What was the deciding factor as to which tracks fit, and those that needed to be cut? Did the decision-making process heavily involve a lot of trial and error by slowly introducing new tracks in your sets, and gauging fans’ reactions?

That’s somewhat the case, but my original music has always been on the more chilled-out side of my sets, and as such, judging the reaction of an audience that isn’t familiar with the material isn’t always that helpful. What I hope to happen with all the vocal tracks, for example, is that people would sing along to them when I play them out – that’s simply not possible when they don’t know the song in the first place! So instead, we relied more on our emotional connection to the songs – and how well each piece fit into the larger picture as a whole. As it turned out, there were only a few tough decisions to be made – it was mostly obvious which tracks belonged and which didn’t.


What was the story you were trying to tell with Rise, and do you feel like your fans were receptive to that story?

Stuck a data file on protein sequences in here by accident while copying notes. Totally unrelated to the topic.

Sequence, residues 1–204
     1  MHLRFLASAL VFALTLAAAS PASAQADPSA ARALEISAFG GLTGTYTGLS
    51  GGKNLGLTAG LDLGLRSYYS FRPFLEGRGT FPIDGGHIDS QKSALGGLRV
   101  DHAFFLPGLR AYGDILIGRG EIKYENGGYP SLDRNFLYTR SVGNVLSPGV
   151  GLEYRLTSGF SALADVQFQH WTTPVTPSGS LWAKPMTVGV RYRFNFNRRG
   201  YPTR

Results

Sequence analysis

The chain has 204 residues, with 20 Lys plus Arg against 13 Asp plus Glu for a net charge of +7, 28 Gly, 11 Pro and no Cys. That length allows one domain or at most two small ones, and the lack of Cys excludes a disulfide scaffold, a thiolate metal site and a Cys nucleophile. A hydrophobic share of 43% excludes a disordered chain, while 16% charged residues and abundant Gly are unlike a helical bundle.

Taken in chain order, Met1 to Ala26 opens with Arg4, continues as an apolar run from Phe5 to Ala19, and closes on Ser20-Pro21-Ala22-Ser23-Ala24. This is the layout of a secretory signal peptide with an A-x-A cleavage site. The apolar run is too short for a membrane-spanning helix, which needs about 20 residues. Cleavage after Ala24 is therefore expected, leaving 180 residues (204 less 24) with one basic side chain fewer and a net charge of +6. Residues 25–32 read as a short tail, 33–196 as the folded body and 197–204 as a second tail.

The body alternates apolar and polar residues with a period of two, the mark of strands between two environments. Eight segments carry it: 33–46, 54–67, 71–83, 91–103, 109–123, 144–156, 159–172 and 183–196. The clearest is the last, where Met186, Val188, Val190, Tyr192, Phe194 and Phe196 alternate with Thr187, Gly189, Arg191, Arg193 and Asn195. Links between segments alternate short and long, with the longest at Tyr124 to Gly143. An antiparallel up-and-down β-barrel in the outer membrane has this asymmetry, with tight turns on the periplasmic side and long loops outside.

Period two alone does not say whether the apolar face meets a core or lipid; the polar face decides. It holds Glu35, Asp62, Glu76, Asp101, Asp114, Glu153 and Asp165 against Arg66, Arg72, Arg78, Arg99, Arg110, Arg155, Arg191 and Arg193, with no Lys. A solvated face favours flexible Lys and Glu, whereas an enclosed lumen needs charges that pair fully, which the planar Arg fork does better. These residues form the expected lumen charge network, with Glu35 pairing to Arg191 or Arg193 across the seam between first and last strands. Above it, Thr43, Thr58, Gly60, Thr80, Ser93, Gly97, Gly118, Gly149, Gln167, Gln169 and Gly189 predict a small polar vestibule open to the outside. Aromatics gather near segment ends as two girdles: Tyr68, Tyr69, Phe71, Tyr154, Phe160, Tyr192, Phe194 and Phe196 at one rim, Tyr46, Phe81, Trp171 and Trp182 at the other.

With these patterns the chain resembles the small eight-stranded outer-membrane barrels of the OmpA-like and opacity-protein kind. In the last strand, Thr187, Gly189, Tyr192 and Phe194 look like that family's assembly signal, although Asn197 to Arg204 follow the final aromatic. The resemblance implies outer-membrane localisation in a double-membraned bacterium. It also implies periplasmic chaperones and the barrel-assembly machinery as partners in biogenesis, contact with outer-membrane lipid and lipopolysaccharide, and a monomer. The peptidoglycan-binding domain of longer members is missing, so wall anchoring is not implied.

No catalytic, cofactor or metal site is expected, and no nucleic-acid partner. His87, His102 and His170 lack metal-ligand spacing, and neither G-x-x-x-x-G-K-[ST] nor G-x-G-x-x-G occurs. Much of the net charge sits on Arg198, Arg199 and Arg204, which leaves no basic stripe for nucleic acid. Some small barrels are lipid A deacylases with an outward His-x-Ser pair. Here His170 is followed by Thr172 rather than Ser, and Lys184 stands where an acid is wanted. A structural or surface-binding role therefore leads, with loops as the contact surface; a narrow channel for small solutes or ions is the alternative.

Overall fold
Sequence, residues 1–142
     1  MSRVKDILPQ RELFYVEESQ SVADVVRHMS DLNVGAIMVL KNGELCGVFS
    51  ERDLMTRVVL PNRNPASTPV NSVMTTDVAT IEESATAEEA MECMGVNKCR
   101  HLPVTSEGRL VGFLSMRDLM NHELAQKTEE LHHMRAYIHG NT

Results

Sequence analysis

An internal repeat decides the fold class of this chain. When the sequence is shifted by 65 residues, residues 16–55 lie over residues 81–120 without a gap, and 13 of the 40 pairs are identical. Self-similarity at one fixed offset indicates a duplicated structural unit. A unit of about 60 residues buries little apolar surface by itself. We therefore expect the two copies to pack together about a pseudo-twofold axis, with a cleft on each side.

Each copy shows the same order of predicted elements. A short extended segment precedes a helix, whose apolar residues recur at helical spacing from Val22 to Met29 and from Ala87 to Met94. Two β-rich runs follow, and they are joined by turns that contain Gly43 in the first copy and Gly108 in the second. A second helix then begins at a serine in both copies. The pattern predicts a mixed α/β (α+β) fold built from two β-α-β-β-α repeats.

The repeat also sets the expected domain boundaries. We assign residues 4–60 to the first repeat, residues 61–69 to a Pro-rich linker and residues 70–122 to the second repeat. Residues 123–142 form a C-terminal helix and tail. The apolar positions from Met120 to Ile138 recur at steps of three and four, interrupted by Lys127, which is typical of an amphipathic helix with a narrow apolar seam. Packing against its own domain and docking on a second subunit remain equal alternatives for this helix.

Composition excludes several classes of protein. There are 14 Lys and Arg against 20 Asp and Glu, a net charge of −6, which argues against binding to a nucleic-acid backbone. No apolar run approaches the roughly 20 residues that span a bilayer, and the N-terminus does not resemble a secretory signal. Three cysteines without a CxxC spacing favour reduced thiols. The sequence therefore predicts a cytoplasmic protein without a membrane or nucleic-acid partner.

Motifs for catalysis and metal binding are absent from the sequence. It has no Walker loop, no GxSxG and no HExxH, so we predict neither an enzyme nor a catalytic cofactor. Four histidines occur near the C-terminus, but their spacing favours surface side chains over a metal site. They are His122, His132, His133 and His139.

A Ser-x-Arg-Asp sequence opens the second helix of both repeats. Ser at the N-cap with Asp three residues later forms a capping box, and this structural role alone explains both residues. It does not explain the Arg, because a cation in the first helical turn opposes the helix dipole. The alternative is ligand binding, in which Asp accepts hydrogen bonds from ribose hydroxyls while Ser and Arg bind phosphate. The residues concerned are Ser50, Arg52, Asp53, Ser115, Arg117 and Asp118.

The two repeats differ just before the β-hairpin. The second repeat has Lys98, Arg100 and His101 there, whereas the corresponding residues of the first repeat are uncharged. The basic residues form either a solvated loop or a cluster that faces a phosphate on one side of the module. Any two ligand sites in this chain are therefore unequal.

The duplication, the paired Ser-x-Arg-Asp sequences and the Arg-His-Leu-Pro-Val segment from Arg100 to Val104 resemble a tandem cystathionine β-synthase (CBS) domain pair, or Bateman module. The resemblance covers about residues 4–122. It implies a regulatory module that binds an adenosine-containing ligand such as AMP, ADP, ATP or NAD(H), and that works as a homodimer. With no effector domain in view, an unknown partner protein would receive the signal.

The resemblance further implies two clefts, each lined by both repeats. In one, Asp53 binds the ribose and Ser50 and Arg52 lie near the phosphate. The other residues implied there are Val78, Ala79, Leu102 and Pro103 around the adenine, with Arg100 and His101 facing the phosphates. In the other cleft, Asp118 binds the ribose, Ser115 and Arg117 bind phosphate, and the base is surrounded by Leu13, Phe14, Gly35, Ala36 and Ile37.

The wonderful thing about music is that people create their own associations, memories and emotional responses – so it really doesn’t matter what story I wanted to tell, the story that listeners will create will always be their own, and I think that’s perfectly fine. As artists, I think a lot of what we try to do is create the opportunity for people to fill in their own blanks – to incorporate our music into their own emotional experience however they naturally want to. For someone going through a breakup, the album could signal both the pain of heartbreak, as well as the uplifting feeling when you realize you’re going to move on and be fine. For someone having a fun summer holiday with friends without a care in the world, the album would mean something totally different. Each interpretation is completely valid.